Write a Simple Go Application to work with Amazon Athena Data on Linux

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Amazon Athena ODBC Driver

The Amazon Athena ODBC Driver is a powerful tool that allows you to connect with live data from Amazon Athena, directly from any applications that support ODBC connectivity.

Access Amazon Athena interactive query services data like you would a database, through a standard ODBC Driver interface.



Use the CData ODBC Driver for Amazon Athena and unixODBC to create a simple Go app with live connectivity to Amazon Athena data.

Go is an open source programming language that enables you to easily build software on Linux/UNIX machines. When Go is paired with the ODBC Driver for Amazon Athena and unixODBC you are able write applications with connectivity to live Amazon Athena data. This article will walk you through the process of installing the ODBC Driver for Amazon Athena, configuring a connection using the unixODBC Driver Manager, and creating a simple Go application to work with Amazon Athena data.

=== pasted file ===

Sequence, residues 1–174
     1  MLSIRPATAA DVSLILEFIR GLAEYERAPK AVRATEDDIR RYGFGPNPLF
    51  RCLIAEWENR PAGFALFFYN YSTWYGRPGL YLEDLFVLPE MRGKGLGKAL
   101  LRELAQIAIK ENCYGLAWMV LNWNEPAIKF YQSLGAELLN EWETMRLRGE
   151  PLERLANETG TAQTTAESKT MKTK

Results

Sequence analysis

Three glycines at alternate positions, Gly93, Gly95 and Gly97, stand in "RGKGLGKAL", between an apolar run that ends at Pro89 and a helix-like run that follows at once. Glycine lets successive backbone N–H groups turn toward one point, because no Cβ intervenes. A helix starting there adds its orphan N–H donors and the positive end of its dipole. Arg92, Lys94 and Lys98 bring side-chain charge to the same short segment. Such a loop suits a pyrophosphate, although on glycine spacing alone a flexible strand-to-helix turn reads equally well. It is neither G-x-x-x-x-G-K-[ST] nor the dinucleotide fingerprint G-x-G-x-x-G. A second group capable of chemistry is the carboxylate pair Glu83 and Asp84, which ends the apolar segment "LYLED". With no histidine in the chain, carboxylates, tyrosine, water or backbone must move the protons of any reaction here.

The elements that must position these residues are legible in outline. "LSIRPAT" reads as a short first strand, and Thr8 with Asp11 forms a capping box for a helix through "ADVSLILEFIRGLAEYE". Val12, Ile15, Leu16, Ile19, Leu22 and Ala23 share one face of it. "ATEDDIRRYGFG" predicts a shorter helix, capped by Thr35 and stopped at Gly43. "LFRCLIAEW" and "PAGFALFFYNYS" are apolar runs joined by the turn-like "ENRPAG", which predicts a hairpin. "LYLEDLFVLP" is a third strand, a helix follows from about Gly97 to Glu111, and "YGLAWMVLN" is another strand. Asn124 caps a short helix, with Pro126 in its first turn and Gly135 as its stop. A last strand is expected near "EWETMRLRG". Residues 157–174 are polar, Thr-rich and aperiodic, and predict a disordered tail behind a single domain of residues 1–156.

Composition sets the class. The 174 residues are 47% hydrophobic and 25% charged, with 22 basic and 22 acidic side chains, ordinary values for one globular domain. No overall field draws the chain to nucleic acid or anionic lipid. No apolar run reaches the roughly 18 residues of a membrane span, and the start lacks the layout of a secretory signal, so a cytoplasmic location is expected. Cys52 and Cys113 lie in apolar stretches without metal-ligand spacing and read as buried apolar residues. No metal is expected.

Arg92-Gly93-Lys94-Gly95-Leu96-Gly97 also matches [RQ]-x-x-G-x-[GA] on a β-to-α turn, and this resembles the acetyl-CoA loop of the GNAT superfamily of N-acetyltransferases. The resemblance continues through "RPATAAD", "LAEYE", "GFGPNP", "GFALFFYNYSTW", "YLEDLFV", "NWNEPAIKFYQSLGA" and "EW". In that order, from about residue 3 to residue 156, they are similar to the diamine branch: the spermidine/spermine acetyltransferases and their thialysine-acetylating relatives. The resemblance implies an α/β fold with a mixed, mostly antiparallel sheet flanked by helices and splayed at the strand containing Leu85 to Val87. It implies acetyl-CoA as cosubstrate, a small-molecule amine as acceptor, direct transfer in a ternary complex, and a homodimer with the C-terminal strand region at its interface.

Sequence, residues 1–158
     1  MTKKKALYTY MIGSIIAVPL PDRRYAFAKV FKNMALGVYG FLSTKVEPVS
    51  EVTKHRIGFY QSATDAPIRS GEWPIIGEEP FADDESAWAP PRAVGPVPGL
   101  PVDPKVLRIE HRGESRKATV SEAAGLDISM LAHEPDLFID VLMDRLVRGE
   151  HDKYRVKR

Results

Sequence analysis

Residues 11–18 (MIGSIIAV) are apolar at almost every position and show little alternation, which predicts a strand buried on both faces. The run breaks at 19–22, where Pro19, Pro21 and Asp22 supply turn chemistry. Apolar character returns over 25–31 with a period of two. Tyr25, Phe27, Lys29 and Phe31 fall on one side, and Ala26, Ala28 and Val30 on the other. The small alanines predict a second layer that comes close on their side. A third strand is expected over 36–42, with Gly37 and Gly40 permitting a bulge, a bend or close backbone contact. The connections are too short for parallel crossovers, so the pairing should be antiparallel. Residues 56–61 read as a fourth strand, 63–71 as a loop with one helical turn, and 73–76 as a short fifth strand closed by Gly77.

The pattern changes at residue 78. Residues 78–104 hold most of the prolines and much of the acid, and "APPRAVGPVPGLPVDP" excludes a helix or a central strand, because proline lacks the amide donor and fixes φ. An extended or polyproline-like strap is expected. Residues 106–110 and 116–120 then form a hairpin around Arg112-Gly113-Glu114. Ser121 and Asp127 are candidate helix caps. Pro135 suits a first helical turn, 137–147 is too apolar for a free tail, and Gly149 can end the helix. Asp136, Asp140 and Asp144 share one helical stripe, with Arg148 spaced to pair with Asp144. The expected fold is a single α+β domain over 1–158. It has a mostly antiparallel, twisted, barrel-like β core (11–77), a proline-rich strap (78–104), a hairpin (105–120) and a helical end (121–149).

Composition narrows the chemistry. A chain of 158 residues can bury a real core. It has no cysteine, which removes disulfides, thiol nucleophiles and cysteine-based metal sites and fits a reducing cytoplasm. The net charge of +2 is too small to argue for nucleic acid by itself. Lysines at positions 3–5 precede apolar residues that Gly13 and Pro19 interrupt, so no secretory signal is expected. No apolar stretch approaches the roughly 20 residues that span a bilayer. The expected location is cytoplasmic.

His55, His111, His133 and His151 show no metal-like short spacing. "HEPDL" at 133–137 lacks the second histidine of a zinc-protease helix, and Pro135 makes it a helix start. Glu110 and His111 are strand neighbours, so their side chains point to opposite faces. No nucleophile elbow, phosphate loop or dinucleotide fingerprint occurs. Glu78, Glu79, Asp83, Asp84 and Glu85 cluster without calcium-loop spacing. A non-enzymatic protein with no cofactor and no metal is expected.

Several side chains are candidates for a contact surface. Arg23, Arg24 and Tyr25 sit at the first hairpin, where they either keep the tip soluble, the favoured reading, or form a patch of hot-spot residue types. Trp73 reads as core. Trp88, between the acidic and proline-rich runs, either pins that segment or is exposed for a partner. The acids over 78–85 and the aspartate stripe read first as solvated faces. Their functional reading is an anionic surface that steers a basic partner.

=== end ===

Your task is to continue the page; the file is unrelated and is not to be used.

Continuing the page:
Using the CData ODBC Drivers on a Unix/Linux Machine

The CData ODBC Drivers are supported in various Red Hat-based and Debian-based systems, including Ubuntu, Debian, RHEL, CentOS, and Fedora. There are also several libraries and packages that are required, many of which may be installed by default, depending on your system. For more information on the supported versions of Linux operating systems and the required libraries, please refer to the "Getting Started" section in help documentation (installed and found online).

Installing the Driver Manager